Ushnishasitapattra, a Buddhist goddess venerated especially by monks of Ganden-Pa, an order of Tibetan Buddhism, is best understood as the female form of Avalokiteshvara. Her greatly complex iconography, which some argue is the most complex of the multifaceted iconography prevalent in Buddhism, has been expressed with skilful perfection in this gorgeous thangka from the Exotic India collection. The soothing pastels of the landscape motifs in the background - the deep blue skies studded with celestial bodies, the mounds of greenery laden earth, and the gorgeous colours of each stem and petal of the gigantic roses that flank the Goddess - set off to perfection Her flaming aureole and Her imposing figure.
Ushnishasitapattra is revered by many to be a special, intense form of the more popular Goddess Tara. She has the same classical beauty of countenance, characteristically lengthy earlobes that are a sign of divine wisdom, and immortally pristine skin; while on the contrary She has a thousand each of heads and both limbs. Deities with multiple heads and/or numberless arms are not uncommon in religious iconography of the East, but Ushnishasitapattra is portrayed with as many legs as She has arms and heads. Each of Her heads is replete with three eyes, the additional one being obviously centred on the brow, while an eye graces each of Her forearms and palms as well.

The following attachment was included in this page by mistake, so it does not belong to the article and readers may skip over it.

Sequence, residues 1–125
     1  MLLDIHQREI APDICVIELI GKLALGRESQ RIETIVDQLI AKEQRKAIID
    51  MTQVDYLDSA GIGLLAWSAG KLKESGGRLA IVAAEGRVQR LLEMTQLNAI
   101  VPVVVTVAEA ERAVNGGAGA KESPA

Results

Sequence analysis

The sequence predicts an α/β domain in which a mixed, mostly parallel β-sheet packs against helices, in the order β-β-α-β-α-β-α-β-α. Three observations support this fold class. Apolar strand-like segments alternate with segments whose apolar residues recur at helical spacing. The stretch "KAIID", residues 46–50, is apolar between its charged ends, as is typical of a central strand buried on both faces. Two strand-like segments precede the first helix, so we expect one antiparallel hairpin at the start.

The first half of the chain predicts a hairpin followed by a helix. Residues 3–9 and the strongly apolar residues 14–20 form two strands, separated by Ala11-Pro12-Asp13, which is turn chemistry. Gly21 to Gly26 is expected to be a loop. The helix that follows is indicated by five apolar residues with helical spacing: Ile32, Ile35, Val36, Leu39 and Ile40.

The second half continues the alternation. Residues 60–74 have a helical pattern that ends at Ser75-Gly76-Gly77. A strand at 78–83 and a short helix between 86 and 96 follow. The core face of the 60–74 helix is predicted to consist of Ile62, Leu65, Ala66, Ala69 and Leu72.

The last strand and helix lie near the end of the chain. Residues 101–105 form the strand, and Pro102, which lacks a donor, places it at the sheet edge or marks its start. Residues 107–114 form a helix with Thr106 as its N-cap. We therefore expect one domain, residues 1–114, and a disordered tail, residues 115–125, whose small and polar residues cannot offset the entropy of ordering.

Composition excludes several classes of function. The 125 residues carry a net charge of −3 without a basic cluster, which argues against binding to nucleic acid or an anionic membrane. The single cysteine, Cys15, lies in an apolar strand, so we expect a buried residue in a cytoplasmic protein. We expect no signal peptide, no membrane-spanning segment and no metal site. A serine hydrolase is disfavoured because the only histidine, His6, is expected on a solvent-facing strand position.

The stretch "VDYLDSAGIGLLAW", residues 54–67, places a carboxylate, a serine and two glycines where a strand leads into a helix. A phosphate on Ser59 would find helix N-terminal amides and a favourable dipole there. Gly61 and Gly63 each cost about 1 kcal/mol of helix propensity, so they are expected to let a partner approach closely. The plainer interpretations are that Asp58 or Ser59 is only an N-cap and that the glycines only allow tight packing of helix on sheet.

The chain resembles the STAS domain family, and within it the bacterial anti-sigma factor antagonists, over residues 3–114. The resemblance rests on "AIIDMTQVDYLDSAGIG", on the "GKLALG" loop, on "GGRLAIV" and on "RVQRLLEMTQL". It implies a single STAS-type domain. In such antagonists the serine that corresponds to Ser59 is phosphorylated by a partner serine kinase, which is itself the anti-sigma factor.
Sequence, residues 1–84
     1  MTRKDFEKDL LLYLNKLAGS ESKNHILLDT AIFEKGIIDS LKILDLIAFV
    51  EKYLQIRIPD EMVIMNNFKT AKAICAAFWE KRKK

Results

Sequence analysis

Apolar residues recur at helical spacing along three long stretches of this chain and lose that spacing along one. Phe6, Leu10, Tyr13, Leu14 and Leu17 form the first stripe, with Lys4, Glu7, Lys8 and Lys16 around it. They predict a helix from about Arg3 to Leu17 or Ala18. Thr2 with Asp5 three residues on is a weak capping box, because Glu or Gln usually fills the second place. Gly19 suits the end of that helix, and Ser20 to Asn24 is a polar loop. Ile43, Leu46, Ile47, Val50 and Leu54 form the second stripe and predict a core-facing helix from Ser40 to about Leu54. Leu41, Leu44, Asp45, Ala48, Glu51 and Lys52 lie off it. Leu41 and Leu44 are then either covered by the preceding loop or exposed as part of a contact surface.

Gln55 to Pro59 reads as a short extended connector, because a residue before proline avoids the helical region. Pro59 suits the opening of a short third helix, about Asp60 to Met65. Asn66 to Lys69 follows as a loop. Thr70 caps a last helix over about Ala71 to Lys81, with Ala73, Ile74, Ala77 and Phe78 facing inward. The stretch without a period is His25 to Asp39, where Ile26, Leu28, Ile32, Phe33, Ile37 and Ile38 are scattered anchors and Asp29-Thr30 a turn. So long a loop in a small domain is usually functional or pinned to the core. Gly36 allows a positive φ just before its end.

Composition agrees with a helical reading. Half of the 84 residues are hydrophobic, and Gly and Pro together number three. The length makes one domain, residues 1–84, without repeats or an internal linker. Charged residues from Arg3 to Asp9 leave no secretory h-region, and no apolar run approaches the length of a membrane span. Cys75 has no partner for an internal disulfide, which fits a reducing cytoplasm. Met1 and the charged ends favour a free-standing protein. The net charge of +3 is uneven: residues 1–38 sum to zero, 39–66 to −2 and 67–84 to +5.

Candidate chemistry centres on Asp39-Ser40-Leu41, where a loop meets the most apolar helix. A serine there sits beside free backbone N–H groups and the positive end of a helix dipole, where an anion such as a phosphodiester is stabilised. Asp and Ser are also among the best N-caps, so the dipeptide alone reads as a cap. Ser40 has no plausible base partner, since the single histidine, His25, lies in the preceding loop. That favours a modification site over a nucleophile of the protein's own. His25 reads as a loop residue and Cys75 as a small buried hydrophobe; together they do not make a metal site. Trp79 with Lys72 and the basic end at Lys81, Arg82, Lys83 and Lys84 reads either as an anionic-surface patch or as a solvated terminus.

In her numberless arms She holds conchs, jewels, and ritual implements that double as weapons. She is decked up in gracious golds all over: chunky armlets and wristlets and anklets on each of Her limbs, large bejewelled hoops hanging down Her lobes, and a clutch of gold neckpieces that reach all the way down to Her slender waist. From underneath Her studded gold crown set with blushing lotuses cascades her wondrous blue hair and spreads about her delicately curved shoulders. The train of her skirts and the profusion of scarves around Her figure are indicative of heavenly abundance.
She crushes a myriad of mortals beneath Her thousand feet, which is symbolic of how the Goddess Ushnishasitapattra is adept at conquering the individual human ego. Atop Her thousand heads is a parasol that gives away Her protective instinct when it comes to the fear in the hearts of Her devotees. On the top portion of the thangka She is flanked by Shakyamuni Himself, replete with the bhumisparsha mudra (earth-touching gesture) and a bejewelled aureole whose pastel-coloured studs complement the soothing colour the halo is done in; and Green Tara Herself who is also floating amidst the clouds on a brightly hued lotus. Beneath Ushnishasitapattra's feet are three figures of two-armed Dandapani Mahakala, which is a wrathful form of the peaceful Avalokiteshvara Himself. Each Mahakala figure has been painted atop a lotus, with ignorant mortals suffering under His feet. His ferocious countenance and flaming background are in stark contrast to the graceful depiction of Ushnishasitapattra.